Excessive Heat is a Major Urban Challenge: The need to protect people from extreme heat is one of the key resilience and sustainability challenges of the 21st Century. Rising urban temperatures have negative implications for nearly every aspect of urban life
Roadways Need to be Part of Urban Cooling Strategies: Successfully implementing measures to cool urban air temperatures could save lives, improve air quality, enhance labor and educational productivity, and save energy. There are a variety of passive cooling solutions available today but, currently, there is not a scalable solution to address the heat from the single largest portion of our urban space – pavements. Pavement makes up about one third of the surface area of an average city — roadways, parking lots, sidewalks — and the vast majority of those are absorbing a lot of solar energy and heating our cities. The need, and the opportunity, are greatest in low-income and marginalized communities which tend to have more pavement and roadways than wealthier areas. Increasingly, cities are seeking ways for pavement to contribute to their climate, sustainability, and resiliency goals — including major cool pavement pilots in Phoenix and Los Angeles.
Cool Roadways Partnership Forms to Spur Innovation and Implementation: Faced with long-term projections of rising urban temperatures, growing urban heat islands, and an increased frequency of dangerous heat waves, city leaders are partnering to explore the development of solar reflective, “cool” roadway solutions that can be smoothly integrated into municipal pavement management practices to provide a sustainable, cost-effective way to reduce air temperatures and increase resilience in urban environment. The cities (and other jurisdictions/participants) created a request for interest that expresses their desire for viable cool roadway solutions, highlights the market potential (billions of dollars and tens of thousands of lane miles over the next decade), and engages industry to work together to innovate (a model that has worked well in pilots so far).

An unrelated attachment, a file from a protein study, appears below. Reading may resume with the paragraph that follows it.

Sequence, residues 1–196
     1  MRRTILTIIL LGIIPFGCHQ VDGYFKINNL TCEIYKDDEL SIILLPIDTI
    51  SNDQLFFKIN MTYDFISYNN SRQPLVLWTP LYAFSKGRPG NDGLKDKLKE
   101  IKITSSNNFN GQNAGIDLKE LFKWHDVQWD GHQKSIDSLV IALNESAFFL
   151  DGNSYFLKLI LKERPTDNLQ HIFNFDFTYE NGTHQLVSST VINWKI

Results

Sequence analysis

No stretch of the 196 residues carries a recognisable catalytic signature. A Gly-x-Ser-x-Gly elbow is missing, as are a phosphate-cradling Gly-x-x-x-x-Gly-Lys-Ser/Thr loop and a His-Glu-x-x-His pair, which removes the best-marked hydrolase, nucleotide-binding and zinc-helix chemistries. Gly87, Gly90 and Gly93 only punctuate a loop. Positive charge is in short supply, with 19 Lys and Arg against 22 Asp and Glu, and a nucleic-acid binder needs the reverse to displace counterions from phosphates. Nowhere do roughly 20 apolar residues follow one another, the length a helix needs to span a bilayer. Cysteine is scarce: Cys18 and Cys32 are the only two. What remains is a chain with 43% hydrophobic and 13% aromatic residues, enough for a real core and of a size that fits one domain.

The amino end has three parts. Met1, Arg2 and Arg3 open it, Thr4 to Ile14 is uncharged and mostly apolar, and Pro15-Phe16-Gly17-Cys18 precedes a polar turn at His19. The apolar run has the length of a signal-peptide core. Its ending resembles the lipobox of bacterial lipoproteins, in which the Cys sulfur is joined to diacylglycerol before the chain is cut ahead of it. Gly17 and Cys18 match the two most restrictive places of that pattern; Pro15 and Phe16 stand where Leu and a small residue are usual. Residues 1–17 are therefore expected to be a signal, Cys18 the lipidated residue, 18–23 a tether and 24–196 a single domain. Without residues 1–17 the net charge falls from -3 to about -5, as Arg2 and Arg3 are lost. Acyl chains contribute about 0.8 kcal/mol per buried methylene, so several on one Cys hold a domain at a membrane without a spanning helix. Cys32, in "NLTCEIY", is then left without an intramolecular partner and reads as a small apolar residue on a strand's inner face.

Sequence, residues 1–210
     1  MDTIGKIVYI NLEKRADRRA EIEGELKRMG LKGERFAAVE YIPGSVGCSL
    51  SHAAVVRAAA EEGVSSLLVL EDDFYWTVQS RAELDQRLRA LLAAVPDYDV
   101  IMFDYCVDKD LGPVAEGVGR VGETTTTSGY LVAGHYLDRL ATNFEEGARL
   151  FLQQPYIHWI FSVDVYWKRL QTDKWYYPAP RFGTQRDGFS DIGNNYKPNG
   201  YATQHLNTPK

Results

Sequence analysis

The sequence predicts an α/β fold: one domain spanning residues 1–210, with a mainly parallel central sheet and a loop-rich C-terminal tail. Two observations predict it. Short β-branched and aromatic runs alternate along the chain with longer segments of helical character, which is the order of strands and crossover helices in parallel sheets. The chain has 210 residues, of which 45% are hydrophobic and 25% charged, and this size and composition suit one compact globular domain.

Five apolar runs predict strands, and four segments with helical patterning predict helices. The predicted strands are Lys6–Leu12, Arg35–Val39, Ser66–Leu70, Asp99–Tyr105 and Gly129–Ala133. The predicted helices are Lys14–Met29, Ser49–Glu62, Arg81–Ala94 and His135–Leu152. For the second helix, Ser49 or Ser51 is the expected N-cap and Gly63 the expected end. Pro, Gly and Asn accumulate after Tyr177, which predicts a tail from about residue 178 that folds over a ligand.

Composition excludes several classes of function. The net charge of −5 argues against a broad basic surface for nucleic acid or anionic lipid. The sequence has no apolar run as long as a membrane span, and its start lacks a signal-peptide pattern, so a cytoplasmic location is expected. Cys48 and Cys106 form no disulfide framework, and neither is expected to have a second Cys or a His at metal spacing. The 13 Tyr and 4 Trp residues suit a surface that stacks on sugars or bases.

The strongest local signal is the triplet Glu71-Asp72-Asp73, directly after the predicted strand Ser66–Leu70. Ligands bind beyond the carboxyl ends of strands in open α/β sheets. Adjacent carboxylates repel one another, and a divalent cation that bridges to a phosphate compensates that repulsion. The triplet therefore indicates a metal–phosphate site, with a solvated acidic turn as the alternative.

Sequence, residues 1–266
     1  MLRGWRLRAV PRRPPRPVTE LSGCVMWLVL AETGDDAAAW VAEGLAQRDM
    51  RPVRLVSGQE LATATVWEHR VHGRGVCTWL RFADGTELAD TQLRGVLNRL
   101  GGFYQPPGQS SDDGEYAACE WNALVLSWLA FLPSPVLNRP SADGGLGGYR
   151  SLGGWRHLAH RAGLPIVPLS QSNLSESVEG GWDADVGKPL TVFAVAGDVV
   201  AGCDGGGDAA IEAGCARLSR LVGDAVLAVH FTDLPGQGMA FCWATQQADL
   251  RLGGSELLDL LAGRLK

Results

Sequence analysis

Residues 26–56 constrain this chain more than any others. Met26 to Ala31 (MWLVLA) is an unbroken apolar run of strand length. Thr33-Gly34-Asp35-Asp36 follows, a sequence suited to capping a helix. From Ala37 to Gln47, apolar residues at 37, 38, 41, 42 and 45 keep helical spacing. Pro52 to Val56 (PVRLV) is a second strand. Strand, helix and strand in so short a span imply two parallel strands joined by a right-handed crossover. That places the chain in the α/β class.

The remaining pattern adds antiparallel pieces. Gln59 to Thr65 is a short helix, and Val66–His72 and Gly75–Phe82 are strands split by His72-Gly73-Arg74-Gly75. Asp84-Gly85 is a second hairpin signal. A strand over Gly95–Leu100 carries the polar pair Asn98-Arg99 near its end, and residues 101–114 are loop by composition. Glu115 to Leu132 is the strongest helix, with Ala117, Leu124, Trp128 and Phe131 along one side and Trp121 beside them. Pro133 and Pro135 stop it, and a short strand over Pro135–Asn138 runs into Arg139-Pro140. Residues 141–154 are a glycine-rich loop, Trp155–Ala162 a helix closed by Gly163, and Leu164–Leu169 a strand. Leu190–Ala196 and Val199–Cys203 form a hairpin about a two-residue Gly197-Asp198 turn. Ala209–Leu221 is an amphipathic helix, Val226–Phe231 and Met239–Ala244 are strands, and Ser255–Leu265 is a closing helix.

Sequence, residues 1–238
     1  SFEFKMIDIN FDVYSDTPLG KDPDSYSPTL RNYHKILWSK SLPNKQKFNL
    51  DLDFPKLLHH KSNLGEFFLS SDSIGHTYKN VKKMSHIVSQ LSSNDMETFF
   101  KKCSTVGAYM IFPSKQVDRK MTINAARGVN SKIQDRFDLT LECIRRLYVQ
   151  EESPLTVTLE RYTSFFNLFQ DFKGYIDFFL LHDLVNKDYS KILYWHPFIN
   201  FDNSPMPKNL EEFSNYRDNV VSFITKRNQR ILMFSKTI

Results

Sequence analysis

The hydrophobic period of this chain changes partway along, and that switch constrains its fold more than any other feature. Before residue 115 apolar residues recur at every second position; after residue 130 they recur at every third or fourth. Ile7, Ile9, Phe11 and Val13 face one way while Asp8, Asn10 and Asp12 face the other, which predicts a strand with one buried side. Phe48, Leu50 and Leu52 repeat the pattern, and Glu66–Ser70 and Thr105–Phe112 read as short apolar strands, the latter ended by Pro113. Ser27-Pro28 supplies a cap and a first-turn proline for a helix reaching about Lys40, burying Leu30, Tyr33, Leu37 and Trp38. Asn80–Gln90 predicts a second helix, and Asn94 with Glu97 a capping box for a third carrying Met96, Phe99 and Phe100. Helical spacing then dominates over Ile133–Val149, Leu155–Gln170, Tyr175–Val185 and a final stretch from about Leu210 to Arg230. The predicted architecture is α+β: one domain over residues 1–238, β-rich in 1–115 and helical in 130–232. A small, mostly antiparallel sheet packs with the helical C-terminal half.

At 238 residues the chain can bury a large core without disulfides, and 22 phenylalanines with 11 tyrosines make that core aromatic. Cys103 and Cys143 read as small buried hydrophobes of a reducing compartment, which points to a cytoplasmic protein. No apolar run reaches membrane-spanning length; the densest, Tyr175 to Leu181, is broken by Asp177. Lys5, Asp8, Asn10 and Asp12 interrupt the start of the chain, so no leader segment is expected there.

Participants (as of August 2020)
Elk Grove, CA
Las Cruces, NM
Los Angeles, CA
San Antonio, TX
San Antonio Water District, TX
Interested in signing the RFI? Contact Kurt Shickman at Kurt (at) globalcoolcities.org
Download the RFI — Cool Pavement RFI – V1 6_16_20